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[UPDATE] How I fared during month 1 of the cold pitching challenge

It’s been a little over a month now since I started the cold pitching challenge and I felt I should provide an update giving a quick overview of what has happened since I started the cold pitching challenge.

The cold pitching challenge was initially set to take place over a period of 30 working days.

The idea behind the challenge is very simple: using methods and strategy I will be sharing publicly, I (and others following) will send about 1,500 cold pitches during the challenge period (with the idea being to send 30 – 50 cold pitches a day).

Based on the 1,500 cold pitch target, I had set a personal goal of hitting five figures by the end of the challenge period.

Midway through the challenge, however, due to intense demand and clamor for an extension in the challenge Facebook group, the duration of the challenge was extended to 60 days.

While originally billed to end August 11, the challenge will now be ending September 22.

The purpose of this article is to give you an update on how things went for me, personally, during the first month of the challenge.

In this update, I will be telling you exactly what I did and the results I’ve gotten. I’ll also be shedding light on the way forward.

A quick overview of month 1 action and results

Here’s a quick overview of what happened for me during month 1 of the cold pitching challenge:

OVERVIEW OF ACTION

  • Total number of cold pitches I sent: 673
  • Total number of cold pitches that bounced: 49
  • Total number of valid cold pitches sent (when bounces haves been removed): 624
  • Total number of responses I got: 56
  • Response rate to my cold pitches (approximate): 9 percent

OVERVIEW OF RESULTS

Number of clients I got: 2 clients.

Value of writing work closed so far: $1,050

Average rate per article: $.30 per word

While I’ve shared some of these results on the Facebook group, including links to the website of one of the clients I’ve gotten (as well as the initial article I wrote for this client), I’ll only be revealing the other clients publicly once the challenge has been officially concluded.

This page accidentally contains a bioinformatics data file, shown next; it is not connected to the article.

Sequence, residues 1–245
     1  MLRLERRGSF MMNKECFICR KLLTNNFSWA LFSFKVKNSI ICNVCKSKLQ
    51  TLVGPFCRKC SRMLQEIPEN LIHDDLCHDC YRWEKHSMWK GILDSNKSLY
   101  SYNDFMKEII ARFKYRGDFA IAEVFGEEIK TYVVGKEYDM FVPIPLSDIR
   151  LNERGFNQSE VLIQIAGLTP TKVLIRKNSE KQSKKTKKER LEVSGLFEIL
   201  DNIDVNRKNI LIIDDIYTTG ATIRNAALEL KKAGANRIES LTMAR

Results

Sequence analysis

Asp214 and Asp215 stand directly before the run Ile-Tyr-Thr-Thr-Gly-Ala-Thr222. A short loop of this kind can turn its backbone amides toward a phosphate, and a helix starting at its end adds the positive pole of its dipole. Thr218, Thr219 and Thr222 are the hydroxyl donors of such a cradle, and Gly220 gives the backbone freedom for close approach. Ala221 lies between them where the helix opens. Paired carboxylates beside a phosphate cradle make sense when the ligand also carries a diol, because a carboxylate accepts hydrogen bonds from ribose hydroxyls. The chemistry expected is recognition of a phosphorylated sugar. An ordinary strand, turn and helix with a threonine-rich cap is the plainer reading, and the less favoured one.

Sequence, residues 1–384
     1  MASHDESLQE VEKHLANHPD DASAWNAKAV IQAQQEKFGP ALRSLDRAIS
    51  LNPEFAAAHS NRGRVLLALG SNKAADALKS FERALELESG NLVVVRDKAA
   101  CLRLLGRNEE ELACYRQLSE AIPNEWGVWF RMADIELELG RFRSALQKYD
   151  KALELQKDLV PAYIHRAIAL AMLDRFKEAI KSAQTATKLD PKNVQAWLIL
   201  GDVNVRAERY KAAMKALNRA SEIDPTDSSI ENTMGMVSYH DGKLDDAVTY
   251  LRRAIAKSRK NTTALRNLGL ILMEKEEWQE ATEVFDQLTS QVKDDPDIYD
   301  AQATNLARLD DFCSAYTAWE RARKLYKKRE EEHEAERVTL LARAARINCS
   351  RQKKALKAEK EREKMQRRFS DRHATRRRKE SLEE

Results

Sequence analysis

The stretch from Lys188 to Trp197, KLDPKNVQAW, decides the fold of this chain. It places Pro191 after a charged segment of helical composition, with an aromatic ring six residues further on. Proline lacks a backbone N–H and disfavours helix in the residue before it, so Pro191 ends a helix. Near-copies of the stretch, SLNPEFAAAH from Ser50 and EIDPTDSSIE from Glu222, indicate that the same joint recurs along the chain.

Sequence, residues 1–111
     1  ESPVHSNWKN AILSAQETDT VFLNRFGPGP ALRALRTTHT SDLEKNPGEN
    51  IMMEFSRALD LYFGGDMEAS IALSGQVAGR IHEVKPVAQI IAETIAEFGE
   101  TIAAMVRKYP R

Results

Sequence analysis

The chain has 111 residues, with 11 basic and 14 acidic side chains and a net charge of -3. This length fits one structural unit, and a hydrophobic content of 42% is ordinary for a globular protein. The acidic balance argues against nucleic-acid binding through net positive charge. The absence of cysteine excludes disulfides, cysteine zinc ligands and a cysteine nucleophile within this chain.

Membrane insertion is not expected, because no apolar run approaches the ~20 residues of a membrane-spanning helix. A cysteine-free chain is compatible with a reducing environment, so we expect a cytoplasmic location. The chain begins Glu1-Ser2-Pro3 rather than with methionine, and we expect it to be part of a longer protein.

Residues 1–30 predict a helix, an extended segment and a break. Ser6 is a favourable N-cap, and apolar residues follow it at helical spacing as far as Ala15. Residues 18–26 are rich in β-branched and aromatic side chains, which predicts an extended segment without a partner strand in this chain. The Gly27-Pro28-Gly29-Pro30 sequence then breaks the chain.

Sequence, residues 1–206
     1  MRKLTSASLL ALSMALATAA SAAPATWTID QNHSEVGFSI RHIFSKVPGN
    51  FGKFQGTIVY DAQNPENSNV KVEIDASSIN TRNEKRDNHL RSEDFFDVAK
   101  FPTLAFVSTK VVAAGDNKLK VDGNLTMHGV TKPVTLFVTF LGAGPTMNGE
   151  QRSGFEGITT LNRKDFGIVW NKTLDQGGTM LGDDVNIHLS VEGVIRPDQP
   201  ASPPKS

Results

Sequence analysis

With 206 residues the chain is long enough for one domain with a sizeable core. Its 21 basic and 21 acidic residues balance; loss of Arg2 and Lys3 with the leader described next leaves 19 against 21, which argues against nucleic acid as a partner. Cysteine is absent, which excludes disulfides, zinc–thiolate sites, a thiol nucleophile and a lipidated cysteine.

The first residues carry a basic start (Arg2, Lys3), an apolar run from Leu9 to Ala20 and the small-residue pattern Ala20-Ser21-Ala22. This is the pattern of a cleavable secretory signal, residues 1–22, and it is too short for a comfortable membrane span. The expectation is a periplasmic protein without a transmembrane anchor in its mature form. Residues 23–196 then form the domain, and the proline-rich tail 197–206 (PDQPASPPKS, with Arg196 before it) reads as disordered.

Now, a key question remains:

Am I failing or succeeding with the cold pitching challenge?

Given, the challenge started initially as a 30-day challenge and I had set an audacious goal of reaching five figures in income by the time the challenge ends.

Now, 30 days after the start of the challenge I’m just a little over $1,000 in income. Based on my initial goals of earning five figures, would that be said to be a failure or success?

I wouldn’t call it a failure, but I certainly could have done better.

That said:

Here’s a quick analysis of what happened and the reason for the apparently poor result on my end:

  1. I underestimated the impact of the COVID-19 pandemic.

This is not necessarily because it is impossible to get clients due to the pandemic.

Rather, it is because of the following key factors:

  • It is now taking A LOT longer than it was before the pandemic to close deals; people are a lot more busy, distracted, and careful than they used to be before the pandemic.A lot of prospects now have me waiting for weeks (and in some cases more than a month!) before a deal is finalized. Pre-COVID-19, this is something that usually takes days.Just to give you an idea, the following screenshot shows when my second client approved a trial article for $150 (for what turned out to be about 500 words):

    If you take a look at the timestamp, you will notice that I closed the deal on August 7. What isn’t immediately clear, however, is the fact that I sent the actual cold pitch on July 23.

    That’s about two weeks (and I’m slowly finding out that this is quite FAST for the COVID-19 era).

    Here’s a screenshot of an interaction with a prospect that should be my client 3:
    I sent my very first cold pitch to this particular client on July 27. We’ve interacted a great deal since then, and they’ll only be making a decision after August 2 (a month after). This is a pattern I’m noticing with my cold pitching efforts since COVID-19.